Wednesday, January 13, 2010

What are you going to be doing?

Welcome to the New Year and a new decade! Hope you all had a good holiday season. You might feel that I am a little late in wishing everybody but then think again. See, until the first week of January, people aren’t really receptive to the outer world. Can you blame them? With the general festivities, innumerable parties, vacations, relaxed season, and pumpkin lattes over, the first week of January feels like a tight slap across the face. So, I decided to post my thoughts, along with my warm wishes, today.

Can you believe we have entered a new decade? That’s huge! Have you thought or made plans for the next ten years? In case you are judging me and thinking, “No one does that, dude,” you’d be surprised at how wrong you are. For people in their twenties, this is the decade (There are always exceptions!) to consider making personal commitments. Not to say one couldn’t find a partner at fifty, but the options and opportunities get limited in today’s world. Will you be able to last at parties and bars past midnight once you are in your thirties, forties, and fifties? In fact, will you have the time to make as many after-work social commitments on weekday evenings? If not, then where else will you meet people? Your coworkers? Nah! By the time you cross the glorious twenty-bridge, your colleagues are the people you see the most. Unless you are a masochist, you wouldn’t want to date someone you spend fourteen hours of your day cooped up inside an office space. If you have a television show, then sky is your limit. After all, Rakhi Sawant organized a “swayamvar” to meet the caring and doting guy she had always dreamt of. She is apparently still engaged to Toronto-businessman, Elesh Parujanwala.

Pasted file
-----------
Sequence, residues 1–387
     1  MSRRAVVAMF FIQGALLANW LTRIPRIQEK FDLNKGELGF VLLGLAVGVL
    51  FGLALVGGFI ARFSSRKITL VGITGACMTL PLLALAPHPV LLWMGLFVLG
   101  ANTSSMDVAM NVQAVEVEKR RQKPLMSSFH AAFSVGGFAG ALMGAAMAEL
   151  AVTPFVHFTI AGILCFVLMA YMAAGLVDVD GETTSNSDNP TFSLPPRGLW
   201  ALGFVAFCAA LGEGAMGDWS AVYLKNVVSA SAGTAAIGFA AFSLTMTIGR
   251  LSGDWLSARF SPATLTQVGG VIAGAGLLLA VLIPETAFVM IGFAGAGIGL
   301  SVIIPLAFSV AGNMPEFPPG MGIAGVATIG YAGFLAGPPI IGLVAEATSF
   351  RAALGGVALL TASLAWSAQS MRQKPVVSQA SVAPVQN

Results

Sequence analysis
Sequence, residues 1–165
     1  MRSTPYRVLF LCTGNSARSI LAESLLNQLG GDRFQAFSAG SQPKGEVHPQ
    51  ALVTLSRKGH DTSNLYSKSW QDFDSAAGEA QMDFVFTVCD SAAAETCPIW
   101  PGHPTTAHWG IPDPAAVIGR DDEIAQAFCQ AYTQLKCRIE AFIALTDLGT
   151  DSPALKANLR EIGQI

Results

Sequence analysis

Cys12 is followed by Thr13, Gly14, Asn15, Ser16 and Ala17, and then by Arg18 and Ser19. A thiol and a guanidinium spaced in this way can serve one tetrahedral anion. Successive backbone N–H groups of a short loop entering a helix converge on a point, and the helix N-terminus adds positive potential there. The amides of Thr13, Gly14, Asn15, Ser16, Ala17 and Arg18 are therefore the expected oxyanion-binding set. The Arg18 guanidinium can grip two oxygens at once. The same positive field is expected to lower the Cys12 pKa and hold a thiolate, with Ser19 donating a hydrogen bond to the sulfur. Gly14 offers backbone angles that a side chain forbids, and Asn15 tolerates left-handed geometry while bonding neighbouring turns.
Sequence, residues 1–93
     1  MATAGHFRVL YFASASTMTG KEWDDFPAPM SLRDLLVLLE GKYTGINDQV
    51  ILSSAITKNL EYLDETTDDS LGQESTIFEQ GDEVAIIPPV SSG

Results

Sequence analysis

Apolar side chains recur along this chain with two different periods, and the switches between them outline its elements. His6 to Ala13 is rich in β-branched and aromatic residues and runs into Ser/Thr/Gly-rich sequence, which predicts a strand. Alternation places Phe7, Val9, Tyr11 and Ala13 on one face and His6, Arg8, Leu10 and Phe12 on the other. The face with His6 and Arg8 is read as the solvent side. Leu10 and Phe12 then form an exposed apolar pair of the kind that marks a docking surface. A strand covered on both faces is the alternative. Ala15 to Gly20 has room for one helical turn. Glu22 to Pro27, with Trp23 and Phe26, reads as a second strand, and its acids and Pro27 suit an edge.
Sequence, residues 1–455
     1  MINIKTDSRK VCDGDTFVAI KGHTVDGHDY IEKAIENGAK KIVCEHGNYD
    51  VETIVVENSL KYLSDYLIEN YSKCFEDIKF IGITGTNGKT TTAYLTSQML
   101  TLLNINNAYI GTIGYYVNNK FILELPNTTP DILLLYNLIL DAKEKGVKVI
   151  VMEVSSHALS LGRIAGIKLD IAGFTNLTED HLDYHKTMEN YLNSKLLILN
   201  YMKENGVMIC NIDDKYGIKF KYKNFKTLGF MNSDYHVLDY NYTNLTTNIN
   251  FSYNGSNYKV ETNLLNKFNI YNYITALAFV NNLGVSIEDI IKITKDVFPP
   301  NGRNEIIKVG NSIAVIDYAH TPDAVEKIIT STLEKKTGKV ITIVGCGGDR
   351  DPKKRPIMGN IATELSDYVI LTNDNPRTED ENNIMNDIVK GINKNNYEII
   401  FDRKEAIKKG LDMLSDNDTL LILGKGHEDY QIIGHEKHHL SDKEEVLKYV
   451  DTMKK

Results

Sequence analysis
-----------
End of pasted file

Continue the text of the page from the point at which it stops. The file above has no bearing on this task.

For thirty plus folks, this decade is crucial career-wise. It is the “Make it” or “Break it” time. My generation has been cursed with pre-mature aging – an aspect of globalization no one talks about. We already have school, car, house and million other loans – an overwhelming feeling our parents didn’t have to deal with until they hit fifty. It’s not a surprise most of us hit our mid-life crisis in our early thirties itself. Ironically, my generation is such a slave to work; even our pre-mature crises revolve around our careers. Gone are the days where men bought themselves a Porsche and a blond as an accessory or women obsessed about their altering looks or widening waistline. Mid-life crisis is about revelations for us - the fear of waking up and realizing that you had a passion, but you didn’t act on it when you had the chance. How do you deal with that feeling of not knowing whether or not something would have worked?

I will write more about my personal story and mid-life crisis another time, I promise. But until then, think about what you want to do with the rest of your life because now is the time.

More until next time,

Copyright © 01.13.2010

"A man who does not think for himself does not think at all" – Oscar Wilde


T said...

I've been reading your blogs regularly but I must say
this is the first time one has hit home - mid-life crisis it is! ;-) It was well written - the fear of "what if" should (hopefully) drive more of us to follow our passion - there's time enough to recover and
rebuild if things don't work out but precious little time to follow a dream.

N said...

There couldn't have been a better timing for mentioning mid-life crisis.

J said...

Your blog was an interesting read and I am reminded of taking action to follow my dreams.